Long before she became a fixture on TV, the presenter of primetime 1980s and ’90s favourites Blind Date and Surprise, Surprise! was a major pop star with a peculiar style, concentrating on big, melodramatic ballads delivered in the manner of Édith Piaf working on a veg stall in Toxteth. When it worked – as it did on the towering ‘Anyone Who Had A Heart’ – Ringo Starr’s mum’s hairdresser could sing tingles up your spine.

NME‘s companion picks

‘The London Boys’ by David Bowie

Bowie’s mod-era meltdown

(Cyrus Andrews/Michael Ochs Archives/Getty Images)

Before his glam-rock breakthrough, David Bowie had a slow-to-start career as a mod ‘face’ about town. This track, from late in that era, seems to capture the yearning sense of striving for something that’s just out of reach as it describes a young person moving to the city. “Bright lights, Soho, Wardour Street / You hope you make friends with the guys that you meet,” it begins. But, by the end of the song, the protagonist is popping pills and spinning out of control – it’s young Major Tom in his own ‘Soho Oddity’.

‘Downtown’ by Petula Clark

The birth of ‘out out’

(Cummings Archives/Redferns)

In Last Night In Soho the brilliant Anya Taylor-Joy performs this track in character as Sandi, and it’s that version that appears on the soundtrack. So we couldn’t resist throwing in the original by Petula Clark: not just for a sound so joyful you can’t help but picture yourself cartwheeling down Frith Street at the start of a big night out, but for the effect this track had. A huge hit in the States, it poured fuel on the British Invasion kicked off by The Beatles, selling an irresistible image of the British girl-about-town.

‘I Wanna Be Your Man’ by The Rolling Stones

Stones do Beatles, magic happens

(Mark and Colleen Hayward/Redferns)

This song was born in Soho when the Stones hopped in John Lennon and Paul McCartney’s cab when it passed them on the street. Griping about their need to score a hit single with their first release, Lennon and McCartney kindly proffered their composition ‘I Wanna Be Your Man’, and a 60-year career was born. That’s the way Macca tells it, anyway.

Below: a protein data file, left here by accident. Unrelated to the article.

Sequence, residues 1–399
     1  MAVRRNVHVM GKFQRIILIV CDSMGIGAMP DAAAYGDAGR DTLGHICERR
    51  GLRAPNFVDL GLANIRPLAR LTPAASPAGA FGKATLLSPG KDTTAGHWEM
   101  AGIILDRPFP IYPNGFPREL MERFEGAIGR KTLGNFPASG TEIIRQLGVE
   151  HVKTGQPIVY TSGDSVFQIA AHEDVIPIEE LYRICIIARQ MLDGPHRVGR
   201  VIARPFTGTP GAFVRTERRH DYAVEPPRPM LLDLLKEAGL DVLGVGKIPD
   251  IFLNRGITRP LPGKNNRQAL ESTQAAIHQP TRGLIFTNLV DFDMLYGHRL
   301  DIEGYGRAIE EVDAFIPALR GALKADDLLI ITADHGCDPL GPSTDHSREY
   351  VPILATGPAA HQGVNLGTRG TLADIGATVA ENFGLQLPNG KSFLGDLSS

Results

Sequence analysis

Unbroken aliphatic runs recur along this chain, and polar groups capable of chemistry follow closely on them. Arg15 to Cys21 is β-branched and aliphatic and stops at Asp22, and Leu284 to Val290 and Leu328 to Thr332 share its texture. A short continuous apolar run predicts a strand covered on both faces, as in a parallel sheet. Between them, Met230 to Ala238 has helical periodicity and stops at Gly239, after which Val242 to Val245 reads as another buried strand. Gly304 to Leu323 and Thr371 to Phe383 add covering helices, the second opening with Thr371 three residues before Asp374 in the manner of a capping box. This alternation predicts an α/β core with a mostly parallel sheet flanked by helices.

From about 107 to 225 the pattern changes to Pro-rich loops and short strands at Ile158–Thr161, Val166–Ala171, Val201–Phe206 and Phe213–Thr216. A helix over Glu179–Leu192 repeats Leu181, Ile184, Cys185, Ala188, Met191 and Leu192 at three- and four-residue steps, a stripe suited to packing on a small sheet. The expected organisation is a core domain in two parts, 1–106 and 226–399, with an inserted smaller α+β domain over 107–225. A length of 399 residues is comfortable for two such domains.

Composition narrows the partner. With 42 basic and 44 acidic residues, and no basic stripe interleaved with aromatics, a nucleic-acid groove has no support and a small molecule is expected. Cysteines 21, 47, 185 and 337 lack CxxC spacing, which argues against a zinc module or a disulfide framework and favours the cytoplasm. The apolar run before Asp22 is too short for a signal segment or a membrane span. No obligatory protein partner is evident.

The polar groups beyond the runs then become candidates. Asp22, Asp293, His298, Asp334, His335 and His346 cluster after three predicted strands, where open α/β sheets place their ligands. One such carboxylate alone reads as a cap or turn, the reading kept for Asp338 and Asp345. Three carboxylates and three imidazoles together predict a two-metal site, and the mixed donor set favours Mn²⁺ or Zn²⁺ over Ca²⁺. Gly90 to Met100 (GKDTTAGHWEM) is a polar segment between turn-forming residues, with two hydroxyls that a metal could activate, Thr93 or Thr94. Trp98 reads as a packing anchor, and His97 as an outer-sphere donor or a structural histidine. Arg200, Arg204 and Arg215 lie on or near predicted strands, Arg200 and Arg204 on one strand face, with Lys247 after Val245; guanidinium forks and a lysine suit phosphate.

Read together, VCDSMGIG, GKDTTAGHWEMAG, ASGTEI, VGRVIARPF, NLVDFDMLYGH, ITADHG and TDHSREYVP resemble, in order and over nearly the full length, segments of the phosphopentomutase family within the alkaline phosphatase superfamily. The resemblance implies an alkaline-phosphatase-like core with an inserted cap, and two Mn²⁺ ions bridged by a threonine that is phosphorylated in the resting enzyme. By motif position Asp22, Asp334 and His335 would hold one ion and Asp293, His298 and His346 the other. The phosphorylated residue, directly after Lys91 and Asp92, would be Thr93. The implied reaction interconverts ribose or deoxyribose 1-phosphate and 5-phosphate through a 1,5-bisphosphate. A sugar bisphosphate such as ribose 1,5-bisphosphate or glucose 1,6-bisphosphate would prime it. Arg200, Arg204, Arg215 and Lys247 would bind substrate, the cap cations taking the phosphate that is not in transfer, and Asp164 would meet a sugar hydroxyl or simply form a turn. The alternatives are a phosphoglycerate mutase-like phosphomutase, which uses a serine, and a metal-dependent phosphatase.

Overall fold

‘As Tears Go By’ by Marianne Faithfull

The quintessential cool girl


The ultimate Soho scenester, Marianne Faithfull evoked an other-worldly aura. Where all around her was colourful and silly, Faithfull would be the emotionless, ghostly vision radiating cool simply by her presence. Her biggest hit in her own right, Faithfull’s chart debut was a JaggerRichards composition that sets her detached, disaffected charm to music.

‘The Crying Game’ by Dave Berry

Swooning, sad and soaring all at the same time

(Philip Townsend/Express/Getty Images)

Songwriters in the 60s pulled no punches when it came to emotional heft, and this soaring sadbanger from Sheffield pop idol Dave Berry is about as emo as it gets. But amid all the strings and rat-a-tat drums, there’s something dark and sinister at the heart of this song – helped, no doubt, by its association to the bleak 1992 thriller that took its name from Berry’s hit.

Last Night In Soho is in cinemas Friday. You can hear director Edgar Wright’s own playlist below.